A principal's leadership qualities directly impact school success, staff effectiveness and student achievement. A principal must be comfortable with juggling a variety of roles and accomplishing numerous tasks, often simultaneously. Principals undertake vast responsibility at multiple levels, but the rewarding nature of the job makes the leadership role worthwhile for most educators in this position.
A principal administers over the entire school staff, students, lower administration officials and volunteers. This often means tending to the needs, wishes, demands and complaints of hundreds of people of many ages and backgrounds. Even in smaller schools, staying organized, coordinating tasks, balancing responsibilities and making decisions are parts of a principal's daily work duties. For a school to operate efficiently in accomplishing both academic success and a pleasant atmosphere, a principal's role as supervisor is to implement plans and know when to change structure or shift gears.
Even when all eyes are on the principal for ideas, solutions and action, the principal must be willing to work hand in hand with everyone in the school, from students to teachers to parents and staff. In the role of leading collaborator, a principal takes the opinions, thoughts and advice of everyone in his workplace to address concerns or create and implement new ideas. Unlike other careers where rules can be dictated by the supervisor in charge, schools are rarely led by the principal's power alone. Rather, decisions are usually made collaboratively through a variety of resources.
Since a principal must be a certified teacher, one of the largest leadership roles in this position is teaching. A principal must be ready, willing and able at all times to take over a classroom when a substitute is not readily available or in case of an emergency situation. Even when the principal is not physically teaching in a classroom, the role of being the "teacher of teachers" must be taken seriously. A principal cannot be frivolous in assuming that the teachers are doing their jobs. The blame for an ineffective leader is likely to fall on the principal of the school. Holding staff meetings, having staff improvement days and conducting one-on-one check-ins with teachers are imperative for a leader of a school.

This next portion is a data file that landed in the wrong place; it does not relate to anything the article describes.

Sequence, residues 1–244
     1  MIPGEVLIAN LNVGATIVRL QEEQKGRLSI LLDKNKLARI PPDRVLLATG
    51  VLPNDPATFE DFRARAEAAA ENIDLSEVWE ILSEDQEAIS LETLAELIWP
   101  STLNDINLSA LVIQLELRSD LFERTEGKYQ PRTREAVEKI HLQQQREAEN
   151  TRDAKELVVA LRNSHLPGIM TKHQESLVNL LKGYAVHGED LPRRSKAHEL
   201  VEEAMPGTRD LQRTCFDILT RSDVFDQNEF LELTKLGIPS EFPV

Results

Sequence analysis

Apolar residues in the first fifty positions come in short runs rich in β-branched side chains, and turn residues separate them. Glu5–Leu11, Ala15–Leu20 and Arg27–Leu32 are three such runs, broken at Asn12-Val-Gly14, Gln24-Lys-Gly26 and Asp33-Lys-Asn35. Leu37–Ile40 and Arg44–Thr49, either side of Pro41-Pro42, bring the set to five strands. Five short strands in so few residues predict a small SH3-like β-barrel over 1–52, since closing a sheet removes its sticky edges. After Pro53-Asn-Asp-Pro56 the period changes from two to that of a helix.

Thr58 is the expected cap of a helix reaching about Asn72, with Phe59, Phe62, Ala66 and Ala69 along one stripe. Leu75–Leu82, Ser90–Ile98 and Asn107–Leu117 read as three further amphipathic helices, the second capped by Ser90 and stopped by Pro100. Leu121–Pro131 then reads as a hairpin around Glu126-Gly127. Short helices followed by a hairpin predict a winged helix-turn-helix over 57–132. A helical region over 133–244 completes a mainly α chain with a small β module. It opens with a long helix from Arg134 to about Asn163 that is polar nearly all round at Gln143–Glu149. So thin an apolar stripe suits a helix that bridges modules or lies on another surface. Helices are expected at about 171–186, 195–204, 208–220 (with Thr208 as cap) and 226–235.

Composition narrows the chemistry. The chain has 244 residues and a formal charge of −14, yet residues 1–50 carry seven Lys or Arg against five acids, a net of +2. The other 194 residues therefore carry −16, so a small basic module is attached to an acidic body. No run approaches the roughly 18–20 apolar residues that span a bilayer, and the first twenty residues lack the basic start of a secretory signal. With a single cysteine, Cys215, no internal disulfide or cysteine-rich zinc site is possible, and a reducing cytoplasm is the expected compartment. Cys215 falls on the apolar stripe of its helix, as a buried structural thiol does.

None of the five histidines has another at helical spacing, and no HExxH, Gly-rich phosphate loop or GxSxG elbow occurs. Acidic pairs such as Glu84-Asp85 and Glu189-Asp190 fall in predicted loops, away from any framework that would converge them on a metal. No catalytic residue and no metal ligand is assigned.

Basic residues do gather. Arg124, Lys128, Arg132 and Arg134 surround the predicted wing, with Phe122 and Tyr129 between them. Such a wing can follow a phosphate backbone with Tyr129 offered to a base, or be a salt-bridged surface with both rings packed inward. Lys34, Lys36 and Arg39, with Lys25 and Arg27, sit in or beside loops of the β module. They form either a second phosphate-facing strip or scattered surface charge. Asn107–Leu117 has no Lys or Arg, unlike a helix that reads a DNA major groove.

Conflict Resolution Leader
Images of sitting in the principal's office bring a sense of queasiness even to many adults' minds. However, the principal's role is to address conflict in all forms. Whether it is two students who scuffed fists in the hallway, a teacher and student who just don't seem to get along, or multiple teachers arguing over who gets to use the copy machine at what times, it is the principal who will be called on to mediate the matter. A principal is expected to work collaboratively to find solutions to conflicts, yet is simultaneously expected to enact consequences for situations that are otherwise unsolvable.